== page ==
“Peter Nero and the Philly Pops” might lose its namesake.
The Pops’ parent company, Encore Series, Inc., has been trying since April 3 to renegotiate its existing contract with Peter Nero. If an agreement is not reached, a bankruptcy judge may allow ESI to reject it outright.
Encore Series, Inc. used to be partnered with the Philadelphia Orchestra. When the Orchestra went into bankruptcy 13 months ago, ESI also went into bankruptcy.
The two nonprofit companies have since parted ways. In order to emerge from its own bankruptcy as a solvent, independent company, all contracts have been reassessed and renegotiated. Nero’s is the last one.
“This year, he was paid a half million dollars,” said ESI president Frank Giordano. “Last year, ticket revenue was a $1.5 million. That’s 33 percent of our ticket revenue going to our conductor. It’s not feasible. As a model, it just doesn’t work.”
Nero claims the $500,000 figure is misleading, saying he was paid to $393,000 with additional benefits.
Nero, who helped found the Philly Pops in 1979, and has been the face of the organization since then. The 78-year-old has two years left on his contract, and has no intention of leaving before then.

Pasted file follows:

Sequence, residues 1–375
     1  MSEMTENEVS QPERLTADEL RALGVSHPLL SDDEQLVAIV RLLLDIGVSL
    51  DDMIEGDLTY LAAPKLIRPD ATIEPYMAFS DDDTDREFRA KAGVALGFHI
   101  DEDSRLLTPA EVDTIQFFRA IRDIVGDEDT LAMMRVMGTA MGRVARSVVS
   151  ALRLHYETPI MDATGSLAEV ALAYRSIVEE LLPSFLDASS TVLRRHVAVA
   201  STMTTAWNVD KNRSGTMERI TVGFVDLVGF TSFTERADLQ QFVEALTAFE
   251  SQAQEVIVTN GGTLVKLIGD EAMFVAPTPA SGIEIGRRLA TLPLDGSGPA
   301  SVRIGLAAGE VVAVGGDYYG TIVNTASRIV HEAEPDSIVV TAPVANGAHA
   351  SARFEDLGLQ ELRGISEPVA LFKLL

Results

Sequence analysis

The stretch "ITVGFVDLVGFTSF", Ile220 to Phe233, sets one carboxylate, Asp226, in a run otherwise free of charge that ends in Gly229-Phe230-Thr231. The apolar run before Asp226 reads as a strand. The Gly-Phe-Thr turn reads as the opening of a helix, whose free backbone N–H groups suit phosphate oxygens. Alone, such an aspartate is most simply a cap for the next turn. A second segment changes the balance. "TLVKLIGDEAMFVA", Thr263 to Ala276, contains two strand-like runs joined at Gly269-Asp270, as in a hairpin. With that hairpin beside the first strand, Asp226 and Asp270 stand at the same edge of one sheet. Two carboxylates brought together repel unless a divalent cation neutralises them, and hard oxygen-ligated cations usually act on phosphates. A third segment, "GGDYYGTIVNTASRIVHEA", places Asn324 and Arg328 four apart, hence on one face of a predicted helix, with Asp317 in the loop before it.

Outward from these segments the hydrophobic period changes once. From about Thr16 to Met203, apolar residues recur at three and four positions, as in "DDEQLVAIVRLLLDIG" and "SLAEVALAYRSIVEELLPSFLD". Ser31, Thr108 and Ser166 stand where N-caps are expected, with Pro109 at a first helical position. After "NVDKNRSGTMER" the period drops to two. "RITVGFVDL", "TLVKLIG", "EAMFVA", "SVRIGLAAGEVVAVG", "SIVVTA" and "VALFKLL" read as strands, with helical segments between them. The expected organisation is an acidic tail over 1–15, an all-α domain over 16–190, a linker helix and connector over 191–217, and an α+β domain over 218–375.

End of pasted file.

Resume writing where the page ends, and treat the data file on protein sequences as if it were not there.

In negotiations he offered to perform fewer times at the same pay per performance, and says ESI countered with an offer of fewer performances at less pay per concert.
“After doing this for 55 years, I’ve built up the price to the point where the rest of the industry should know what I’m worth,” said Nero. “In this profession, image is everything. If they perceive you as cutting your price because you have to work, there’s a conflict with that kind of thinking.”
Nero says negotiations have turned to screaming fights. If an agreement cannot be reached, Encore Series, Inc., will move to reject the existing contract in bankruptcy court. Giordano says the upcoming season will go on. In a worst-case scenario, he says, that will be without Nero.